The financial domain is hugely complex and non-linear with a plethora of factors influencing each other.

Sonam Srivastava

Deep Learning has been the breakout approach to modelling and solving problems. It is currently, the SOTA (State of the Art) benchmarks for NLP and Computer Vision problems.

While, it has seen remarkable success, I yet to see very prominent output from using Deep Learning models especially RNN and very specifically LSTM based approaches, which seem best suited frameworks for this kind of time series modelling.

There has been a bunch of work written about using LSTMs and very toy example is a stock price prediction. But there are some inherent challenges in modelling capital markets data and how the output gets presented.

### Data **Challenges**

**Non-Stationarity:**In simple terms, the assumption of independence between data points is not valid unlike say a sequence of words. This gets solved by using either modelling returns or difference between data points.**Insufficient Data:**Unlike NLP and computer vision, the amount of data with a time series is limited. Even a 20-year history is not a lot of data points and oftentimes, the models will overfit and perform poorly out of sample.**Data Regimes:**Unlike CV and NLP, where the problem space is not dynamic in the sense that a CAT identified as one today, will continue to remain a CAT. Unless the data is obfuscated a lot.- Markets are cyclical in nature and the testing part needs to represent that. The model needs to work across different regimes to be considered serious and robust.
- A model trained on bull phase will crack under bear or see-saw movements.
- Hedge funds and investment strategies have cracked when failing to deal with the scenario.

**Research Challenges**

**Survivorship Bias:**There are countless prices and time series and you could have applied your approach to model any number of them and chosen the subset which represents the output you wanted to project.**No standard datasets:**Both NLP and CV have standard datasets over which any improvement in architecture is presented. This ensures parity in problem space and makes any comparison apples vs apples.**Non-collaborative**: Unlike tech, modelling for financial markets is closed room work. The exploits are used to make money than share. Rather deployed by firms for making money.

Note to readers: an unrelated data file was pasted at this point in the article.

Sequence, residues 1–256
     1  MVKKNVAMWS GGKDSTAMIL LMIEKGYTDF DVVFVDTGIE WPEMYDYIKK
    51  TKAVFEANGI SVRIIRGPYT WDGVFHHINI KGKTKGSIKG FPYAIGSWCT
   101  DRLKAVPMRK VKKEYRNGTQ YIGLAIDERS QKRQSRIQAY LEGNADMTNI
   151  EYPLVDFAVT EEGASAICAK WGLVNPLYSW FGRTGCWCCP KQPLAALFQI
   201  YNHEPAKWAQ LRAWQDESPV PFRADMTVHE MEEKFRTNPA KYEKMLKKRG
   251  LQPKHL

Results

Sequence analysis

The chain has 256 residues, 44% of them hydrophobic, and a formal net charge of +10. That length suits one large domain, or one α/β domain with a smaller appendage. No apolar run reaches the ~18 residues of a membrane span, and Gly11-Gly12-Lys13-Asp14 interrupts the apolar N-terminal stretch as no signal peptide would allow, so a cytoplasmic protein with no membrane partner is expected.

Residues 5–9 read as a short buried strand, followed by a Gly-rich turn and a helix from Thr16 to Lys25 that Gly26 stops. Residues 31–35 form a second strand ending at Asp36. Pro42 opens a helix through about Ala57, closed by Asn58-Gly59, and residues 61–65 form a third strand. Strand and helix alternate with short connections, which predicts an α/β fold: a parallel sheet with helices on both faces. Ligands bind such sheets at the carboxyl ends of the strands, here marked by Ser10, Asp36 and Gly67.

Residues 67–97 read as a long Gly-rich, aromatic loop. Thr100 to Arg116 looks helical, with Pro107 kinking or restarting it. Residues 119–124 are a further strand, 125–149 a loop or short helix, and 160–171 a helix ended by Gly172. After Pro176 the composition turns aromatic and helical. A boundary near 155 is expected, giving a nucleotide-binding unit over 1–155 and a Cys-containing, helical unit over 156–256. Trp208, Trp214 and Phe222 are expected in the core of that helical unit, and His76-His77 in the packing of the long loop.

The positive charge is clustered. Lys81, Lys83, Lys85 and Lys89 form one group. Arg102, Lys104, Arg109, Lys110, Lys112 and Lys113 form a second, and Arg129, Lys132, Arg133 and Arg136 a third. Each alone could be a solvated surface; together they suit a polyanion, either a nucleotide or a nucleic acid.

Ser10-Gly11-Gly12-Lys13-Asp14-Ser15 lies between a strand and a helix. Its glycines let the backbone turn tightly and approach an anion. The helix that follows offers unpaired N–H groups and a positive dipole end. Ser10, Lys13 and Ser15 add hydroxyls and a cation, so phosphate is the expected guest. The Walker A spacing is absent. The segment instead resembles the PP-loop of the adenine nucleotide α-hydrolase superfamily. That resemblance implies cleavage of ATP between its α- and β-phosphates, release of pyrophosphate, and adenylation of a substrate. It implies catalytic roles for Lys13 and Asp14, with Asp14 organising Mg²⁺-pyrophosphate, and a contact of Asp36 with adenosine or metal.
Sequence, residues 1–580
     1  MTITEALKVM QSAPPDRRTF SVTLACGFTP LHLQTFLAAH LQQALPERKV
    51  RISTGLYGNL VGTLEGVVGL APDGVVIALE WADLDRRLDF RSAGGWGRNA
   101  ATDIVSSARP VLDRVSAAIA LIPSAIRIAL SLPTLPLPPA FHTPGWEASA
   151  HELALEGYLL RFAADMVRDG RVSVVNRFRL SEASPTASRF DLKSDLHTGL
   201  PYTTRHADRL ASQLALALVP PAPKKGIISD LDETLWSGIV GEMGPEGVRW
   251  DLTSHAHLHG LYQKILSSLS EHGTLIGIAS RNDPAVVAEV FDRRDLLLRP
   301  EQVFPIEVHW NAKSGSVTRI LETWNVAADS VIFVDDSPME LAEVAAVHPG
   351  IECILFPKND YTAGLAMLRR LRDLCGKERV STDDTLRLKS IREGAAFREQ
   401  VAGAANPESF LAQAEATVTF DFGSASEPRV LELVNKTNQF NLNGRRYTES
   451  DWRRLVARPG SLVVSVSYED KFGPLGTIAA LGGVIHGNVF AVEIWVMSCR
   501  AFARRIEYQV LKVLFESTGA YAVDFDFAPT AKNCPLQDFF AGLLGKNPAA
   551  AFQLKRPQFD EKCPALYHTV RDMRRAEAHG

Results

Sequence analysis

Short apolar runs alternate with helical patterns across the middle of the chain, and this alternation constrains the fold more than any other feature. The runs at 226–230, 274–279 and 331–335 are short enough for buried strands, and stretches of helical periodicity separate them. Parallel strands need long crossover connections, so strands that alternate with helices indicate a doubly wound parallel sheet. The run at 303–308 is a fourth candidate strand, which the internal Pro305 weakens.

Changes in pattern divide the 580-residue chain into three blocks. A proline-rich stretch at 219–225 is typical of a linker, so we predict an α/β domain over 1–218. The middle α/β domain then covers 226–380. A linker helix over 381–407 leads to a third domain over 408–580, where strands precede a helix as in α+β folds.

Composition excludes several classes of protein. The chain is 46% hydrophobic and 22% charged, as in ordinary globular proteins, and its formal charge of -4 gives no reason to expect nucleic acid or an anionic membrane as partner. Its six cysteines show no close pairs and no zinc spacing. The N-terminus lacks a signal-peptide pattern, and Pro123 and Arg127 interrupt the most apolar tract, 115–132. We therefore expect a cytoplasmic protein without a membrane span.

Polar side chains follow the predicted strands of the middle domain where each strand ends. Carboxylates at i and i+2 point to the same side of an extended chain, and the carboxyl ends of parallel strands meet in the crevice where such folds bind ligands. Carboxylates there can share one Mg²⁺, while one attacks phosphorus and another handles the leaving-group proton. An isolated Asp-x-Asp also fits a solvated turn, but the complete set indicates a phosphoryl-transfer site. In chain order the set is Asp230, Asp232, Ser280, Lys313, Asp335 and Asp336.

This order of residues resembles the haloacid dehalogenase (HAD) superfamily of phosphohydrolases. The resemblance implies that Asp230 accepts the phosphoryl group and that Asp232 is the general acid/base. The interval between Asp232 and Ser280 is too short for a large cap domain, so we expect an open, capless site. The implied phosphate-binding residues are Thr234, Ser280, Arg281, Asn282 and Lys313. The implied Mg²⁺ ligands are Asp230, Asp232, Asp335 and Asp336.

But, we had to carry out such a project, how would one go about it and what would be the key things to keep in mind. We definitely would be relying on the RNN class of learning because it’s the most attuned to this.

**Key Aspects**

There are couple of things to keep in mind when building these models:

**A naive baseline**: This could be something as simple as last 20 days moving average as the predictor. This very simple baseline can be very difficult to beat or better.**A domain baseline:**This could be a domain-based line model which uses some probable features. This has to beat the naive baseline to be considered useful. Likely cases being ARIMA or linear models.**Deep Learning Model:**This model is now supposed to better both the domain and the naive baseline to be considered. Obviously, it would beat the naive model if domain beats the naive one.

**Time Horizon:**What time horizon to predict for? Days, Months and Years? Makes little sense beyond months.**Metric:**The kind of metric to measure the error: MAPE and RMSE are the two obvious ones though RMSE is better due to the ability to punish extreme errors more significantly. MAPE is more intuitive for investment purposes.